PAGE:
Chapter 8 - Bending Members
© 2006, 2007, 2008, 2011 T. Bartlett Quimby
Last Revised: 07/30/2011
Shear strength is a potentially limiting criteria for steel members. It must be investigated where a member is subjected to shear. Understanding the behavior of steel members subject to shear will help you understand the SCM approach to ensuring that steel members have adequate shear strength.
Shear Stress Distribution
Internal shear force varies along the length of most bending members. The determination of the magnitude of internal shear at any given location is determined using principles of statics. A common approach is to develop a shear diagram (i.e. a graph of internal shear force over the member length) to show how shear varies.
The distribution of elastic beam shear stress on a given cross section is determined by the following equation as derived in mechanics.
t = VQ/(Ib)
The graph of this equation over the height of a rectangular section and an "I" shaped section is shown in Figure 18.104.22.168.
As can be seen for an I-shaped member, when the bending member is loaded in the plane of the web as shown in Figure 22.214.171.124, the shear stress is prominent in the web and not the flanges of the member. Hence, the web is designed to carry the shear forces in this case.
When an I-shaped bending member is loaded perpendicular to the web, the shear forces are carried by stresses in the flanges which act as a pair of rectangular sections. The maximum shear stress in this case equals 1.5 V/Af.
Comparing the magnitudes of the shearing stresses, note that the peak shear stress in a rectangular section (for example, the flanges of an I-shaped member loaded perpendicular to the web) is 1.5 times the average shear stress (V/A). In an I-shaped member loaded in the plane of the web, the peak shear stress is nearer to the average shear stress. Consequently, we will find in the SCM different requirements for each plane of bending for I shaped members.
The Effects of Plate Slenderness
In many steel shapes, the web can be quite slender, leading to shear buckling. As we saw in the section on plate buckling when subjected to normal compressive stress, there are the three regions of behavior: plastic, inelastic buckling, and slender (Euler) buckling. Similar regions are experienced with plate shear buckling.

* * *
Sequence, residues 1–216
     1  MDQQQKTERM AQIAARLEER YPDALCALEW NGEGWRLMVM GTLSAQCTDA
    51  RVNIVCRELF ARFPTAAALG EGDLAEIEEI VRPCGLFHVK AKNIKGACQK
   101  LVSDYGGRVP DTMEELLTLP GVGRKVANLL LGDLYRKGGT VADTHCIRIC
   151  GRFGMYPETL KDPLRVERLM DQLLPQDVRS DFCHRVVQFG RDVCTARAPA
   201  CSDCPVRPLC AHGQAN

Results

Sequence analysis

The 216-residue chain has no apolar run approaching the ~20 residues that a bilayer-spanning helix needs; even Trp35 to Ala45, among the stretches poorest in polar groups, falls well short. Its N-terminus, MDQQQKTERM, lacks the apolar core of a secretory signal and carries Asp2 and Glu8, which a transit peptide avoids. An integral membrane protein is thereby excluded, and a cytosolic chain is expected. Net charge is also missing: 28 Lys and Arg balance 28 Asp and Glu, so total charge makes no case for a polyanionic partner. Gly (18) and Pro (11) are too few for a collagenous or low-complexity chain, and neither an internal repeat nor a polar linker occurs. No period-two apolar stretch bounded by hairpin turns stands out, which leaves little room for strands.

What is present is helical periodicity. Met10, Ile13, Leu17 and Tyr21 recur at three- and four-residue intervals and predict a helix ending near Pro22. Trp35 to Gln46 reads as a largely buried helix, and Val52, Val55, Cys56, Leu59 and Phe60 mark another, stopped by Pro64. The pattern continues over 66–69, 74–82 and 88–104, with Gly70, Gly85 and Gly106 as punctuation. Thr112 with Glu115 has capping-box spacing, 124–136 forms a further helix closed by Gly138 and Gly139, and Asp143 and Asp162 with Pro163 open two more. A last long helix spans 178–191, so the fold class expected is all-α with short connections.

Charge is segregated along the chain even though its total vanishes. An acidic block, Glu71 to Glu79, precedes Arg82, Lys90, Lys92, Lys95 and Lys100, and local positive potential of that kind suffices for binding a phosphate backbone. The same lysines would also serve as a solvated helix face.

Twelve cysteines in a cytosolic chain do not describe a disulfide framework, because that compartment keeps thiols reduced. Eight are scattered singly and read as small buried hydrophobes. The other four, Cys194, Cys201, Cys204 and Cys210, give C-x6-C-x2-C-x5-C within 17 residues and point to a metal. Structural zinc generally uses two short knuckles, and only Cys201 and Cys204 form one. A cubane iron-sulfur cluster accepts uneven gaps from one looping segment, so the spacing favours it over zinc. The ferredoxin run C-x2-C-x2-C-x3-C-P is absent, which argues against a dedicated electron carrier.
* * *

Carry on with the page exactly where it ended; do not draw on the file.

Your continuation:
A simple experiment with heavy paper (card stock is good!) will illustrate for you what plate shear buckling looks like. Hold opposing sides and apply a shear force. The sheet will buckle out of plane and at an angle that is approximately 45 degrees from the direction of applied shear. This propensity to buckle is a function of the thickness of the plate and dimensions of the shear panel.
Figure 126.96.36.199 shows a typical strength curve based on slenderness.
The Effect of Stiffening Shear Panels
Shear strength can be improved by adding plate stiffeners to prevent out-of-plane buckling of the web. These stiffeners can be spaced to reduce the shear panel dimensions so that failure is plastic deformation instead of elastic buckling. Figure 188.8.131.52 shows how these stiffeners are arranged.
The specification includes provisions for strengthening of shear panels with stiffeners. SCM G2.2 requires that the moment of inertia about an axis centered in the beam web meet certain criteria. The moment of inertia of the stiffeners (the shaded areas in Figure 184.108.40.206) is computed about the axis shown in yellow on the section drawing. You can click on the sub-sections of Figure 220.127.116.11 to get larger views of each stiffener area. We go into more detail on the design of these elements in a later section.